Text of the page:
The Pine Tree


Out in the woods stood such a nice little Pine Tree: he had a good place; the sun could get at him; there was fresh air enough; and round him grew many big comrades, both pines and firs. But the little Pine wanted so very much to be a grown-up tree.

He did not think of the warm sun and of the fresh air, he did not care for the little cottage-children who ran about and prattled when they were looking for wild strawberries and raspberries.

Often they came with a whole jug full, or had their strawberries strung on a straw, and sat down near the little Tree and said, "Oh, what a nice little fellow!" This was what the Tree could not bear to hear.

The year after he had shot up a good deal, and the next year after he was still bigger; for with pine trees one can always tell by the shoots how many years old they are.

"Oh, were I but such a big tree as the others are," sighed the little Tree. "Then I could spread my branches so far, and with the tops look out into the wide world! Birds would build nests among my branches; and when there was a breeze, I could nod as grandly as the others there."

He had no delight at all in the sunshine, or in the birds, or the red clouds which morning and evening sailed above him.

When now it was winter and the snow all around lay glittering white, a hare would often come leaping along, and jump right over the little pine tree. Oh, that made him so angry! But two winters went by, and with the third the Tree was so big that the hare had to go round it. "Oh, to grow, to grow, to become big and old, and be tall," thought the Tree: "that, after all, is the most delightful thing in the world!"

In autumn the wood-cutters always came and felled some of the largest trees. This happened every year, and the young Pine Tree, that was now quite well grown, trembled at the sight; for the great stately trees fell to the earth with noise and cracking, the branches were lopped off, and the trees looked quite bare, they were so long and thin; you would hardly know them for trees, and then they were laid on carts, and horses dragged them out of the wood.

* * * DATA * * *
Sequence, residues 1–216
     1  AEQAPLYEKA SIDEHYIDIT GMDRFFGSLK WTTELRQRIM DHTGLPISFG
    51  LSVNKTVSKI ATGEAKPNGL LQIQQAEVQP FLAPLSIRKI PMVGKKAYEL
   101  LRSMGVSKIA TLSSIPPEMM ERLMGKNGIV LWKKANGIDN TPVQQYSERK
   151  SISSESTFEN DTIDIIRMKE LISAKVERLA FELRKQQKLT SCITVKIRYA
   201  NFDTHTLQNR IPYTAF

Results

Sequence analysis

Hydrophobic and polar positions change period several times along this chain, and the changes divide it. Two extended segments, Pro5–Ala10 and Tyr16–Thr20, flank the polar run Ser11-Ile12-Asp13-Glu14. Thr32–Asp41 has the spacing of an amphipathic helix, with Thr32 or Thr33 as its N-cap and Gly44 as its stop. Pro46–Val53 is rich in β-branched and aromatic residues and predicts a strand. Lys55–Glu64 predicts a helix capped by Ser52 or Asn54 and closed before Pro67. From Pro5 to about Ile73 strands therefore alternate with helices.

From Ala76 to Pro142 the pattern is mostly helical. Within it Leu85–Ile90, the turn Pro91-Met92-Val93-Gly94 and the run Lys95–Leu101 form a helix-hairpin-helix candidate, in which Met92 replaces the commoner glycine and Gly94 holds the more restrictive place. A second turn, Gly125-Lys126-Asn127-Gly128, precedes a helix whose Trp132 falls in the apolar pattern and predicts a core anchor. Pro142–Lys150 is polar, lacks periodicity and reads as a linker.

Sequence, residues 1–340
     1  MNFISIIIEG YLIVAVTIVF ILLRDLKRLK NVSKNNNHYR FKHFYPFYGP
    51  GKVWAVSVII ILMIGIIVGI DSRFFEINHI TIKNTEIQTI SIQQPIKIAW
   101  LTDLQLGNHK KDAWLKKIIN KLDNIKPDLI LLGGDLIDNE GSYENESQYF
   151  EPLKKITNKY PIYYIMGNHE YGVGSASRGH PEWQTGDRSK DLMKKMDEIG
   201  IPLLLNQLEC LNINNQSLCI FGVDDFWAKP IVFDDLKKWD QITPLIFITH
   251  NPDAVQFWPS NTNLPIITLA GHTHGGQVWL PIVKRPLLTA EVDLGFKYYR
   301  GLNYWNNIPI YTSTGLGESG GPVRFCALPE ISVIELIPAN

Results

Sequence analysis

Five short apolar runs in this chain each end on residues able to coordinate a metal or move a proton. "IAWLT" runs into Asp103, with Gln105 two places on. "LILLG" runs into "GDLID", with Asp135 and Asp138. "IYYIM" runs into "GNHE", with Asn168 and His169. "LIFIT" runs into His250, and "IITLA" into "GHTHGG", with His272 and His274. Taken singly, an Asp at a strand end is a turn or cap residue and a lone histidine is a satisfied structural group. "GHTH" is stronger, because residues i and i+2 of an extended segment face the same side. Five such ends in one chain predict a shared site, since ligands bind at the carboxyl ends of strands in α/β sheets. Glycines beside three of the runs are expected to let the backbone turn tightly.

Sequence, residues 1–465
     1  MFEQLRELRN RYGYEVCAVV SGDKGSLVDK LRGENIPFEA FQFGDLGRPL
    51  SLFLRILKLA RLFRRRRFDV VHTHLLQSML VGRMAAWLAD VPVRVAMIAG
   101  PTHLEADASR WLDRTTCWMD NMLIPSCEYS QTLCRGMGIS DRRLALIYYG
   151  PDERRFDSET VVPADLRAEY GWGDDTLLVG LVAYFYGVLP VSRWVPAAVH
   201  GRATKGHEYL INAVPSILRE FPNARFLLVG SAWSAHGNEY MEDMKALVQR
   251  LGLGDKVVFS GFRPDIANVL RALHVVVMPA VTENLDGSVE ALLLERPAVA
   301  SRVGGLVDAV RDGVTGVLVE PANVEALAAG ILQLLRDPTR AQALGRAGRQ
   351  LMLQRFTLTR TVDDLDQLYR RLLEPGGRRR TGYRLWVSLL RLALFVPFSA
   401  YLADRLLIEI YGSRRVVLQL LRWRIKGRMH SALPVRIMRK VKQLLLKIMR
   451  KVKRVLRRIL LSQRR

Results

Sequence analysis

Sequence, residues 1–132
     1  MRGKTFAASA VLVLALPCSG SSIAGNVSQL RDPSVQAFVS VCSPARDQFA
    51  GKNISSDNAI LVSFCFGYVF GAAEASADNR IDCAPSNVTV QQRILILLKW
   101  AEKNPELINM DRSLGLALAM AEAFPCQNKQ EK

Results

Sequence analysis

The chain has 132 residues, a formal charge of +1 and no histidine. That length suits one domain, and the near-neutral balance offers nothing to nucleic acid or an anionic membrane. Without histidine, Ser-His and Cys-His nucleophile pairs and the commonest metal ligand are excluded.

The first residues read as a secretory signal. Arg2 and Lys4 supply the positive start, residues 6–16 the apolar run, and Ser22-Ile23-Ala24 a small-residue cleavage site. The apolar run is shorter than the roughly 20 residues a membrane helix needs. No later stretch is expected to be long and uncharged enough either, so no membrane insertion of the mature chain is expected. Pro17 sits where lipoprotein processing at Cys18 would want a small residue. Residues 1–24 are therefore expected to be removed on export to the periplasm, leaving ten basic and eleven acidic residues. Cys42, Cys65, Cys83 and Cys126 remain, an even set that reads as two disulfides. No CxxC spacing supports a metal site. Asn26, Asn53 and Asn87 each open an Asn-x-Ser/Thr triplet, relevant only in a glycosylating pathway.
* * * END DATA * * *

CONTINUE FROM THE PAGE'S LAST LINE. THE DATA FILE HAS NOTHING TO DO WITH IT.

Where did they go to? What became of them?

In spring, when the Swallow and the Stork came, the Pine Tree asked them, "Don't you know where they have been taken? Have you not met them anywhere?"

The Swallow did not know anything about it; but the Stork looked doubtful, nodded his head, and said, "Yes; I have it; I met many new ships as I was flying from Egypt; on the ships were splendid masts, and I dare say it was they that smelt so of pine. I wish you joy, for they lifted themselves on high in fine style!"

"Oh, were I but old enough to fly across the sea! How does the sea really look? and what is it like?"

"Aye, that takes a long time to tell," said the Stork, and away he went.

"Rejoice in thy youth!" said the Sunbeams, "rejoice in thy hearty growth, and in the young life that is in thee!"

And the Wind kissed the Pine Tree, and the Dew wept tears over him, but the Pine Tree understood it not.


When Christmas came, quite young trees were cut down; trees which were not even so large or of the same age as this Pine Tree, who had no rest or peace, but always wanted to be off. These young trees, and they were always the finest looking, always kept their branches; they were laid on carts, and the horses drew them out of the wood.

"Where are they going to?" asked the Pine Tree. "They are not taller than I; there was one, indeed, that was much shorter;—and why do they keep all their branches? Where are they carrying them to?"

"We know! we know!" chirped the Sparrows. "We have peeped in at the windows down there in the town. We know where they are carrying them to. Oh, they are going to where it is as bright and splendid as you can think! We peeped through the windows, and saw them planted in the middle of the warm room, and dressed with the most splendid things,—with gilded apples, with gingerbread, with toys and many hundred lights!"

"And then?" asked the Pine Tree, and he trembled in every bough. "And then? What happens then?"

"We did not see anything more: it beat everything!"

"I wonder if I am to sparkle like that!" cried the Pine Tree, rejoicing. "That is still better than to go over the sea! How I do suffer for very longing! Were Christmas but come! I am now tall, and stretch out like the others that were carried off last year! Oh, if I were already on the cart! I wish I were in the warm room with all the splendor and brightness. And then? Yes; then will come something better, something still grander, or why should they dress me out so? There must come something better, something still grander,—but what? Oh, how I long, how I suffer! I do not know myself what is the matter with me!"

"Rejoice in us!" said the Air and the Sunlight; "rejoice in thy fresh youth out here in the open air!"

But the Pine Tree did not rejoice at all; he grew and grew; and he stood there in all his greenery; rich green was he winter and summer. People that saw him said, "That's a fine tree!" and toward Christmas he was the first that was cut down. The axe struck deep into the very pith; the Pine Tree fell to the earth with a sigh: he felt a pang—it was like a swoon; he could not think of happiness, for he was sad at being parted from his home, from the place where he had sprung up. He well knew that he should never see his dear old comrades, the little bushes and flowers around him, any more; perhaps not even the birds! The setting off was not at all pleasant.